Isolation in general has a lasting effect on a person’s growth and understanding. As isolation comes in different forms, the effect it has on the nature of man also varies. The one thing that all forms of isolation have in common is that they influence an individual’s growth in some way. Forced isolation is isolation that is involuntary, or against the will. Isolation in which an individual isolates himself or herself is considered self-inflicted. Both of these types have adverse effects on an individual’s growth. Social isolation, as opposed to forced or self-inflicted isolation, has the most detrimental effect on an individual’s mental growth and understanding of illusion versus reality as it deprives the individual of the necessary factors that shape him or her into an acceptable member of society, manifested in William Golding’s Lord of the Flies.
The need for rules is instrumental in influencing an individual’s mental growth. This aspect of human nature is taken away by social isolation in Lord of the Flies. As the novel progresses, the boys agree that “ [they’ve] got to have rules and obey them” (Golding 42). This affirms the boys’ innate need for rules and structure. For a time, rules are what bind the boys together. As rules and regulations begin to deteriorate, the boys’ senses begin to fade away as well. These rules begin to lose power as social isolation slowly strips away the their humanity and they begin to lose sight of reality.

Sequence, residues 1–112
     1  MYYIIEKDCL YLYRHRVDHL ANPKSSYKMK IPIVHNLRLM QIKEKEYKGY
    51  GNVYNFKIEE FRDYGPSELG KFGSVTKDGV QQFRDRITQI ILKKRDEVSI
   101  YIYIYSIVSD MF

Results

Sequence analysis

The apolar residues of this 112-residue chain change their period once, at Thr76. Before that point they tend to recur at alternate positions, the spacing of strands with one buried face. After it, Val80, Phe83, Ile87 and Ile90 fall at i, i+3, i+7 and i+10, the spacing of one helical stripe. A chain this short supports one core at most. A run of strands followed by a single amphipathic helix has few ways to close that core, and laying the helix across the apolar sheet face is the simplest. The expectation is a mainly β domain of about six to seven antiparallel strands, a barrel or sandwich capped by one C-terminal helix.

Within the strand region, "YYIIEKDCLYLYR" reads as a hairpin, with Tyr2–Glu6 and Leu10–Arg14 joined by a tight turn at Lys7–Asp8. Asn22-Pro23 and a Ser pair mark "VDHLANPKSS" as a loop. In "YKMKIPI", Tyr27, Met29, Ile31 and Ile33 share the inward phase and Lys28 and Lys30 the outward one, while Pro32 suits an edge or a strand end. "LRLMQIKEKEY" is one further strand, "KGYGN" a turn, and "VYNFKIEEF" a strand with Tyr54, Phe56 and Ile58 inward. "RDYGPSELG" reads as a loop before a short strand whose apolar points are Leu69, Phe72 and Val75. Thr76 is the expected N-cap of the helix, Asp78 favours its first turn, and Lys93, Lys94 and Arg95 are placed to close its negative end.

Another factor needed for growth into an acceptable member of society is the need for social interaction, or the need for assembly. More than once Ralph, the elected leader in Lord of the Flies, voices his opinions that “ [they] need an assembly”(Golding 79). Social interaction is a necessity that shapes an individual into an accepted member of society. It is through relationships that people are able to learn common behavior that is universally acceptable. Family and community relationships are another part of the boy’s...
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